The Role of Jute Geotextile/Slurry Interface Friction on the Bearing Capacity of Clay Slurry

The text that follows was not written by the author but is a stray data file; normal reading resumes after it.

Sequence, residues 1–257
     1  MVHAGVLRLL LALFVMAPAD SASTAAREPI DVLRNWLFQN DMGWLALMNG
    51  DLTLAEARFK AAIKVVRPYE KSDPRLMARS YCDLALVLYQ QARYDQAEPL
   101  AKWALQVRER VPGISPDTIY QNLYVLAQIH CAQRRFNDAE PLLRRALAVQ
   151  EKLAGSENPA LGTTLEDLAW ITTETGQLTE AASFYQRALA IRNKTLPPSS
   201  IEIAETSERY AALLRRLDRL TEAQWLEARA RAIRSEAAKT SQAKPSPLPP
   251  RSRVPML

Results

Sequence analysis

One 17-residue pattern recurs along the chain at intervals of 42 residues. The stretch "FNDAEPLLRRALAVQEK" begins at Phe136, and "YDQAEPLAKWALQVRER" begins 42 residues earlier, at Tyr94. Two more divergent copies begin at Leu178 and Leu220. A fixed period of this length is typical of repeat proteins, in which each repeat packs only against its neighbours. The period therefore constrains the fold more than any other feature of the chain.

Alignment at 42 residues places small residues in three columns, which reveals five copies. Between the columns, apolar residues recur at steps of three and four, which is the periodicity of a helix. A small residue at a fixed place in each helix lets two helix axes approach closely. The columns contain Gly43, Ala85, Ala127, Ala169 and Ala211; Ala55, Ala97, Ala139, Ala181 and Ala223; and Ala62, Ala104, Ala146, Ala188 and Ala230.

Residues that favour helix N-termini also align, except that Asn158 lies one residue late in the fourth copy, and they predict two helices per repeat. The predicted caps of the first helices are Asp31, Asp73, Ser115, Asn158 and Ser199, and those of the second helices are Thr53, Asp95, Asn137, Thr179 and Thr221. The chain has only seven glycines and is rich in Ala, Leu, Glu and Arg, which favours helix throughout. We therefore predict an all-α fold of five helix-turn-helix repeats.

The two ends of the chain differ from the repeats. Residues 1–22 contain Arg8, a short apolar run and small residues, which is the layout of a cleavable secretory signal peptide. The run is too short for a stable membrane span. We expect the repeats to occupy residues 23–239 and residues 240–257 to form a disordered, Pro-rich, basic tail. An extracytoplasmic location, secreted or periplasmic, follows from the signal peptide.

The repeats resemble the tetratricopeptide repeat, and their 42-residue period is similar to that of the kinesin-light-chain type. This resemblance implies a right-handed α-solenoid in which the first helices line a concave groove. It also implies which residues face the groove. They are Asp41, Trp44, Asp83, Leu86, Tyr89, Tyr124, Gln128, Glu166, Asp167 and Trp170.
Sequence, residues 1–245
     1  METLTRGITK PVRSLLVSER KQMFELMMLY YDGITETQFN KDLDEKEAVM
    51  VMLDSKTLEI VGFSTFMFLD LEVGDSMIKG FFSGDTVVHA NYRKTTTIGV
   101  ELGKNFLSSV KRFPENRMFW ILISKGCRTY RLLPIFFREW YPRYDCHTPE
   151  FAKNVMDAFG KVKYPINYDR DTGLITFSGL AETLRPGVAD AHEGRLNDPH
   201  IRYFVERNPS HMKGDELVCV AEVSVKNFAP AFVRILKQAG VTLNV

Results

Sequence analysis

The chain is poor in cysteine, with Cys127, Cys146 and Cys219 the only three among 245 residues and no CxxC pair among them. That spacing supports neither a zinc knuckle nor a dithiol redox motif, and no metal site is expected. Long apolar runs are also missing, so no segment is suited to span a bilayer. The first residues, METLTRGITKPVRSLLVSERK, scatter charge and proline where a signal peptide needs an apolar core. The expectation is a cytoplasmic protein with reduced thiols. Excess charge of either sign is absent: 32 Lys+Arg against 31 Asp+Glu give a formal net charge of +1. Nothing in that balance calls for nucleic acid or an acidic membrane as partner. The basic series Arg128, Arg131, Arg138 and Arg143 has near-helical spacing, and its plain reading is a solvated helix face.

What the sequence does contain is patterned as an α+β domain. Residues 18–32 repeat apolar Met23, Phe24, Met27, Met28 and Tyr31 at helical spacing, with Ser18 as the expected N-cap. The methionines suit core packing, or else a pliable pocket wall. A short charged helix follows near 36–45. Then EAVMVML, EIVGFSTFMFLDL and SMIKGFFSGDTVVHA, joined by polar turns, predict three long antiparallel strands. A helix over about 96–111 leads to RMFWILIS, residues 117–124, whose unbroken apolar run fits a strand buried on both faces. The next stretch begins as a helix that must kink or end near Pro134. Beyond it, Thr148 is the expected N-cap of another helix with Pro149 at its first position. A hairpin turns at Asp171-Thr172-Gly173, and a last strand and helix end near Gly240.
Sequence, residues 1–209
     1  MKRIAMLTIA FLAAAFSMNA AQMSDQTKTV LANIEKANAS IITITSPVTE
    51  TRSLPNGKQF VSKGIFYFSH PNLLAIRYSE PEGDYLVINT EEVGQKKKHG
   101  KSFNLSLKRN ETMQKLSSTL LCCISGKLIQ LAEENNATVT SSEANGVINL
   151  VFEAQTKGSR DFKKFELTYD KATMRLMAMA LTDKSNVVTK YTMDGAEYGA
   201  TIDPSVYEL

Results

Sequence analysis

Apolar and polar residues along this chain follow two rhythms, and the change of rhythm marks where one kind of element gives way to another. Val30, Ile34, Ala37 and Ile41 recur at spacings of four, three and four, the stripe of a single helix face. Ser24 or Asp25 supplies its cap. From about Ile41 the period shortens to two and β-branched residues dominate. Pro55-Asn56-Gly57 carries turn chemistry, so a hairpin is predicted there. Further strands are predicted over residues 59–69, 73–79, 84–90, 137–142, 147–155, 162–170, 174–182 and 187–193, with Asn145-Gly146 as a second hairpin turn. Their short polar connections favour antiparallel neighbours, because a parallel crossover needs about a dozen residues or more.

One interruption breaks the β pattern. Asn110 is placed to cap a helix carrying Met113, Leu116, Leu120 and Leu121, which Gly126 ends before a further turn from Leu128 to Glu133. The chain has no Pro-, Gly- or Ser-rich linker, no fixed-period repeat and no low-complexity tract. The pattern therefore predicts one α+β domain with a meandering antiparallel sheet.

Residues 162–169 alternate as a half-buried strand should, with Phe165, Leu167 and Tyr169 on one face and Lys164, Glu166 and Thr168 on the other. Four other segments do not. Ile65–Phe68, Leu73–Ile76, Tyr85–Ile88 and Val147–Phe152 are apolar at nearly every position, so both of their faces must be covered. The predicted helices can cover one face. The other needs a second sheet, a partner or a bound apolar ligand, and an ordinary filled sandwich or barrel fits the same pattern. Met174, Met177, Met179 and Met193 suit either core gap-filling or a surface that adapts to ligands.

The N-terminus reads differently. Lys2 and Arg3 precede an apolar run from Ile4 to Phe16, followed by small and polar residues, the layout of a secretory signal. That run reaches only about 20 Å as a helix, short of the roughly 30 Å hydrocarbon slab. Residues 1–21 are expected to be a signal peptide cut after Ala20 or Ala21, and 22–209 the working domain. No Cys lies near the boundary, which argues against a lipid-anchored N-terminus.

The layered clay-sand scheme of land reclamation depends on the successful formation of sand seams sandwiched between hydraulically placed layers of marine clay slurry to provide shorter drainage paths for rapid clay consolidation during surcharge application. It is anticipated that a low-cost jute geotextile placed on a clay slurry surface without anchorage will expedite construction of sand seams by providing support for the thin sand layers and preventing penetration of sand into the clay slurry. In this application, the interface friction between the very soft clay slurry and the jute geotextile plays a major role in determining the support for the thin sand seam. This paper discusses measurement of the jute/slurry interface friction by incremental vertical penetration of a thin, end-weighted jute sheet under an incremental load to obtain the interface stress value under a quasistatic condition. The effects of sheet width and sheet type were investigated and found to be negligible on the measured interface friction for the clay slurry water content range tested. The results of the interface friction for the 500 g/m2 jute geotextile is then applied to a rectangular loaded area with a jute base on clay slurries of 150 to 300% water content. These water contents are the likely range of values to be encountered in field applications. The load test results indicate that the measured bearing capacity for the jute on clay slurry is about 5.5 to 6.5 times the interface friction, which is in close agreement with typical bearing-capacity factors used in a shallow foundation on clays.

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